Pinatubo lake tours now dangerousBy Jun Malig
Inquirer Central Luzon
Ronaldo Tiotuico, DOT director in Central Luzon, said he is concerned about the safety and security of local and foreign tourists trekking the volcano’s crater following an announcement by the weather bureau that several typhoons would hit the country in the coming months.
“Many other portions of the crater’s inner wall are in danger of collapsing, as indicated by huge cracks and steep slopes. Collapse may be triggered once heavy rain falls within the area,” Tiotuico said in a travel advisory.
He said if adventure seekers cannot postpone their trek to Mt. Pinatubo until October, they must “observe safety precautions,” especially if they plan to swim in the crater lake.
“In addition, thermal activities on the eastern crater lake shoreline are risky, and may cause scalding or burns upon contact. Moderate to strong wind will also affect the mobility of watercraft, like kayaks and boats, near the breached two-meter wide Maraunot outlet,” he said.
He said there are “frequent occurrences of rock fall and landslide” along the crater wall. “Such active occurrences are evidenced by the existence of significant fresh talus (loose rocks) deposits along the crater lake shoreline,” he added.
Tiotuico said tourists should consult travel advisories and check weather conditions in areas close to Mt. Pinatubo issued by local governments, or the Philippine Atmospheric, Geophysical and Astronomical Services Administration (Pagasa).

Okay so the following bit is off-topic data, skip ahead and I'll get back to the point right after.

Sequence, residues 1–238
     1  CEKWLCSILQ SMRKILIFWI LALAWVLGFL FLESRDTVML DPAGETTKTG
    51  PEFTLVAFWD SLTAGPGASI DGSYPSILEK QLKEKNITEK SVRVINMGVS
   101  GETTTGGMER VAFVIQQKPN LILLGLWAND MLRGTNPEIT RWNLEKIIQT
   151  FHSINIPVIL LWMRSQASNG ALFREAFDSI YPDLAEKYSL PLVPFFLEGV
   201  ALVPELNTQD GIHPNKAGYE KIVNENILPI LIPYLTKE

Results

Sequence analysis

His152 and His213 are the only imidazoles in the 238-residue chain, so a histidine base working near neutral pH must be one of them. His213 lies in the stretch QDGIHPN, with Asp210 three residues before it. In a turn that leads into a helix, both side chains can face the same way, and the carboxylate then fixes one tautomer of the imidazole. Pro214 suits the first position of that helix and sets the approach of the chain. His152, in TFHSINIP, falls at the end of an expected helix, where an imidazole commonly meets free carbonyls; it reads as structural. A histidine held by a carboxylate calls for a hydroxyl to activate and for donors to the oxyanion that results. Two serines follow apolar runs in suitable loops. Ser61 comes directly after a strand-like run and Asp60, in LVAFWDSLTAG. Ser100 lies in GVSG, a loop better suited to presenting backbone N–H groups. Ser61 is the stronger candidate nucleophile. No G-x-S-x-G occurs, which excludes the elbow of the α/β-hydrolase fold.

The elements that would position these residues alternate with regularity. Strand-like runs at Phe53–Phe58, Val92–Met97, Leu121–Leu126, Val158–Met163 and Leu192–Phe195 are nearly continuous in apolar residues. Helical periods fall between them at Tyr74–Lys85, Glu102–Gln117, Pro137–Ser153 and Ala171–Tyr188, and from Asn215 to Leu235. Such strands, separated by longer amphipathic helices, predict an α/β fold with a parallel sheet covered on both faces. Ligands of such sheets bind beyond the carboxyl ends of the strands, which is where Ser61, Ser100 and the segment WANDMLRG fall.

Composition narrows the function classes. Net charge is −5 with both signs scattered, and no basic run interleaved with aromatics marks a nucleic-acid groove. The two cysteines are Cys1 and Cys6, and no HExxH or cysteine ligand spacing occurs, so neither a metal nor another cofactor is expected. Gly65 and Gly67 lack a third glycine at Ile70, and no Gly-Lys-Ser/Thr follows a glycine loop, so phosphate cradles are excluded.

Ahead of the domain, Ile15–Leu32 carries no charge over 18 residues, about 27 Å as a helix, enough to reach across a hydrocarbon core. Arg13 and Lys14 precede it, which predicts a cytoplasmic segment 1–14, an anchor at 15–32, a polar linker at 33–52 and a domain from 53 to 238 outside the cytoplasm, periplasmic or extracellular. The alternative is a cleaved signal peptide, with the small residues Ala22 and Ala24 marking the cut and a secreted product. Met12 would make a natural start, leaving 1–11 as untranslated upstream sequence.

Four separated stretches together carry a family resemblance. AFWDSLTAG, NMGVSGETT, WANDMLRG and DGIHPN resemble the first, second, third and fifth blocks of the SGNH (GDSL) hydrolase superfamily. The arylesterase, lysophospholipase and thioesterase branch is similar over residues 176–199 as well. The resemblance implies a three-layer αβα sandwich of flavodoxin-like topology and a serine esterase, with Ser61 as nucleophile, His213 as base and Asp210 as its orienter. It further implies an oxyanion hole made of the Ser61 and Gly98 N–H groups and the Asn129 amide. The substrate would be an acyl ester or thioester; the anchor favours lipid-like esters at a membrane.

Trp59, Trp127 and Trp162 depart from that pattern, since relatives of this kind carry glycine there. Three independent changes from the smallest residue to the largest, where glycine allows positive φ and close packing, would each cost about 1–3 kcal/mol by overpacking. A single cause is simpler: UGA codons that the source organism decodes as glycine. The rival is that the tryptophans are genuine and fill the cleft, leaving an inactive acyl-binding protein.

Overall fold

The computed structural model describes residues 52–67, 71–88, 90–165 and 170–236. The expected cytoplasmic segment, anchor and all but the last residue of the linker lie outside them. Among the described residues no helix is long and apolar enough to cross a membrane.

“The rule of thumb is that whenever there is a typhoon brewing, it is best to keep out of harm’s way,” he said.
The 2-km wide crater lake of Mt. Pinatubo was formed after the volcano’s eruption in 1991. It has become a popular destination due to its turquoise water that is suitable for swimming, kayaking and boat rides.
But the crater lake contains enough water to flood communities in Botolan, Zambales. In 2001, residents of Botolan villages near the volcano were evacuated after experts said the collapse of the crater wall was imminent due to accumulated rainwater that reached “dangerous levels.”
To avoid the collapse of the crater wall that year, excess water was drained from the lake through a channel dug up by Aetas, and personnel of the Department of Public Works and Highways.